Technology shrinks the class divide

“ showering students, especially those from struggling families, with networked devices will not shrink the class divide in education. If anything, it will widen it”

Susan Pinker, journalist and psychologist, in a recent NYT opinion piece.

It’s a refrain I hear often. Usually from people with an iPhone in their hand, laptop in their bag, and an iPad on their nightstand. I’ll make a case that the opposite is true, technology is actually the great equalizer. The progress of technology always has, and always will, improve the economics of disseminating and personalizing information which, after all, is at the core of education. Let me explain why we should all be hopeful.

Over the last three decades affluent kids have pulled away rather dramatically, not just from the poor, but from the middle class as well; their test scores and educational success have increased rapidly according to research from Stanford’s Sean Reardon. In fact, the rich-poor gap in test scores is about 40% larger now than it was 30 years ago. Why? The research of Reardon and Harvard political scientist Robert D. Putnam(author of Bowling Alone) tells a story of disparate experiences: high-income parents pour their families’ resources into their children’s cognitive development and educational success, effectively individualizing and supplementing their schooling. They hire tutors, enroll their kids in specialized summer camps, catch learning challenges early and spend more of what Putnam calls “Goodnight Moon” time with them. Reardon notes, “middle-class and poor families are also increasing the time and money they invest in their children but they are not doing so as quickly or as deeply as the rich.” A Matthew Effect of accumulated micro-advantages set them up for success in a way that seems entirely out of reach to all but the most affluent.

But there’s hope. The most promising path to scale many of these educational advantages for school age children is technology. Since the Gutenberg Press began the democratization of knowledge, technology has brought the experiences of the well-off to the masses. Today, consumer luxuries for the rich like personal chefs, drivers and shoppers are being made accessible to all thanks to technology-enabled services from Munchery, Uber, and Instacart. In edtech, entrepreneurs are bringing tutoring to our public schools, STEM mentors to rural classrooms and apps for classroom teachers to screen for dyslexia in kindergarten.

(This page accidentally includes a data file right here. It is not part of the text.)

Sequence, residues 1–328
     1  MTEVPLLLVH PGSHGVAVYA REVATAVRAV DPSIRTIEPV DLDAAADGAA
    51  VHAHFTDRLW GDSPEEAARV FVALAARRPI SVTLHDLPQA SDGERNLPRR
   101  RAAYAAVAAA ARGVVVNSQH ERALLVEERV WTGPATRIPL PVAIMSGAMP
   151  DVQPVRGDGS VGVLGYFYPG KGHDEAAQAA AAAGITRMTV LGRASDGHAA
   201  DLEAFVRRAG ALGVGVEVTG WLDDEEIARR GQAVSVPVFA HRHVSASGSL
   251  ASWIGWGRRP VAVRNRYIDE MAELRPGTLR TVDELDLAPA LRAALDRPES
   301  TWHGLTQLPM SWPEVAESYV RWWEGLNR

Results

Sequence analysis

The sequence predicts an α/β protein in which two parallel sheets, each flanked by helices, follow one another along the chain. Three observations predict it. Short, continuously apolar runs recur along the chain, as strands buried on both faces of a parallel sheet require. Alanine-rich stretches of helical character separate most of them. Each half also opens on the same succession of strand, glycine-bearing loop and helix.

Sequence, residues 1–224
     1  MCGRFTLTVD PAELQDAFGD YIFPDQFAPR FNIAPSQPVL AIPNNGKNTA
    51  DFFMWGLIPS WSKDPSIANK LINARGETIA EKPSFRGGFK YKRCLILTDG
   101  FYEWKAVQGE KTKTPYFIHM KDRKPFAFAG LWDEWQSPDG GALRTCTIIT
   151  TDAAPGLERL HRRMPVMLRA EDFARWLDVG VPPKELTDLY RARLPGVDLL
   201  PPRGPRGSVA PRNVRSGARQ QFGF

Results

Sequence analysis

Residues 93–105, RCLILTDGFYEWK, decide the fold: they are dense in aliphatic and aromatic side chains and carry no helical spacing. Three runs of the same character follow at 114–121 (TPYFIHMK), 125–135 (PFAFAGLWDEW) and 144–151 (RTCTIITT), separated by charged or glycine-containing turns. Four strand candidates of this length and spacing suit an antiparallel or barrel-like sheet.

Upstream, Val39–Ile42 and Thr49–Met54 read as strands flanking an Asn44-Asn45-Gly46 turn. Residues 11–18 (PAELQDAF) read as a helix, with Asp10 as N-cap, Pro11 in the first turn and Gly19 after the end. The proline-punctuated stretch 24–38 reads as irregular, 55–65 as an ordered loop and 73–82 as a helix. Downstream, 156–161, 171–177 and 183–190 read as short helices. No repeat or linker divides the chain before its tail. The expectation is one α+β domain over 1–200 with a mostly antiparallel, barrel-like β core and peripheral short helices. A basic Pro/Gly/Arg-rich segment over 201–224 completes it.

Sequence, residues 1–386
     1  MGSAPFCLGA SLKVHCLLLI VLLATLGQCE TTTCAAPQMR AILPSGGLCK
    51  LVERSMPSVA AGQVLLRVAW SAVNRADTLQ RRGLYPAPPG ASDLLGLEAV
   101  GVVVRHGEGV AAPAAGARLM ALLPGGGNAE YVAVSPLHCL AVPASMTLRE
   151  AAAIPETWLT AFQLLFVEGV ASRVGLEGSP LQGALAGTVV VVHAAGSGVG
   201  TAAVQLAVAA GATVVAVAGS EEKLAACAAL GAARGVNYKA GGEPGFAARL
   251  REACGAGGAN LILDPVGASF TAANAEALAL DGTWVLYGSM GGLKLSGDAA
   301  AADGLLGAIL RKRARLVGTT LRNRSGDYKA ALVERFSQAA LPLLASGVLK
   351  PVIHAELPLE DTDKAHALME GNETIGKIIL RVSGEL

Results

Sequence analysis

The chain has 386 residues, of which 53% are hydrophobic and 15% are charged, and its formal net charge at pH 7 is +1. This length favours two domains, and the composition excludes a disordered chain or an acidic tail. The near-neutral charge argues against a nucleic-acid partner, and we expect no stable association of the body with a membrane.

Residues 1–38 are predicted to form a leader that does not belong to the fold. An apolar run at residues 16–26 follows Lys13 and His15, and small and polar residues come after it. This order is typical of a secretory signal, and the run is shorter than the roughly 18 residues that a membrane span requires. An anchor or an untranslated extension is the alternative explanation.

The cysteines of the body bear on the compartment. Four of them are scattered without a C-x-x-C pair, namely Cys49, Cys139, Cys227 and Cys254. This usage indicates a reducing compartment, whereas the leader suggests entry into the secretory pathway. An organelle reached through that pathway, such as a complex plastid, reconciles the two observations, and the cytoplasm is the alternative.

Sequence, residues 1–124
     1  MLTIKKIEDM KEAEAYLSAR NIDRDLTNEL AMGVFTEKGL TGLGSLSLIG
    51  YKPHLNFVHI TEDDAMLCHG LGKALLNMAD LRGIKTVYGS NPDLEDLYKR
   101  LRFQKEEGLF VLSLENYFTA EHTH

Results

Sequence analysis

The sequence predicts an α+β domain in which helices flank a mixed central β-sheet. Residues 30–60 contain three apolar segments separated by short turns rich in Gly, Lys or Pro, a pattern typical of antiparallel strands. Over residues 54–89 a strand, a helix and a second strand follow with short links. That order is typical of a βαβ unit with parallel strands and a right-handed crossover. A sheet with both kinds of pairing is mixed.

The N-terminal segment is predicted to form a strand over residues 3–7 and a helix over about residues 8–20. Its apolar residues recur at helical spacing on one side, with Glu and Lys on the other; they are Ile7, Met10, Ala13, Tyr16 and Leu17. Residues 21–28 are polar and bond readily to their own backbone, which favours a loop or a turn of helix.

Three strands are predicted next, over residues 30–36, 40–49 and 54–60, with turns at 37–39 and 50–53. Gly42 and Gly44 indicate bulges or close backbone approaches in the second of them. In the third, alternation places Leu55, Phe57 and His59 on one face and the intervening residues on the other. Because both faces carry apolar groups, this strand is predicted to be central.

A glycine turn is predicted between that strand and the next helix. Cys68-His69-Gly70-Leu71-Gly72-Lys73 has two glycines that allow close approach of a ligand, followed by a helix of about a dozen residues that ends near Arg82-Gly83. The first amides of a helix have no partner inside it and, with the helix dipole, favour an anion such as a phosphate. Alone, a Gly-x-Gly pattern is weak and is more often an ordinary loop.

The high-touch education that Reardon and Putnam describe is more personalized (closer to 1:1), broad (extends beyond testable subjects), and engaging (interactive, passion-driven). In a recently released white paper, NewSchools CEO Stacey Childress lays out a roadmap and vision for launching new models of schooling attuned to the individual and more likely to nurture the expertise and qualities needed in a very skill-driven economy. The job market is becoming increasingly barbell-shaped, rewarding those with the skills to take advantage of an increasingly technology-driven economy and leaving the rest behind.

This personalization at scale is the great potential for education technology and our mission at Reach Capital (formerly NewSchools Seed Fund) is to fund the outstanding entrepreneurs who are delivering that potential value today. Some of our portfolio companies include:

  • Zeal, our first seed investment, is democratizing tutoring by enabling on-demand classroom tutors in public school classrooms. Benjamin Bloom’s seminal two sigma study found that the “average tutored student was above 98% of the students in the control class” but concluded 1:1 tutoring was “too costly for societies to bear on a large scale.”
  • Endorsed by the National Writing Project, WriteLab is a platform for writers to become more confident and successful in their thinking and writing. Writing is a critical skill and one of the most difficult to teach. Writing instruction is highly technical and feedback is labor-intensive for teachers. WriteLab is rolling out in 100 writing centers this Fall.
  • Newsela levels reading content so that struggling readers aren’t stigmatized,advanced readers are challenged and all students can contribute to rich classroom discussion. Newsela automates a task that great teachers already do — it differentiates reading materials so that all children can access inspiring and engaging content.
  • Tynker is bringing computer programming to schools. Coding is the new literacy of the digital economy, and an essential skill in almost all lines of work.
  • Nearpod and eSpark are platforms for classroom teachers to manage differentiation in a classroom of diverse learners.

The growing disparity in educational outcomes will only exacerbate the already substantial opportunity gap, and unless we do something, it will prove to be an insurmountable hurdle that stands in the way of upward mobility. Education has long since been an escalator of opportunity in the US, but the escalator is broken. Let’s embrace technology as a powerful tool to help fix it and keep the American Dream alive.

Thank you to my colleagues Shauntel Poulson, Diana Barthauer and Jim Lobdell for reading drafts and suggestions for improvement.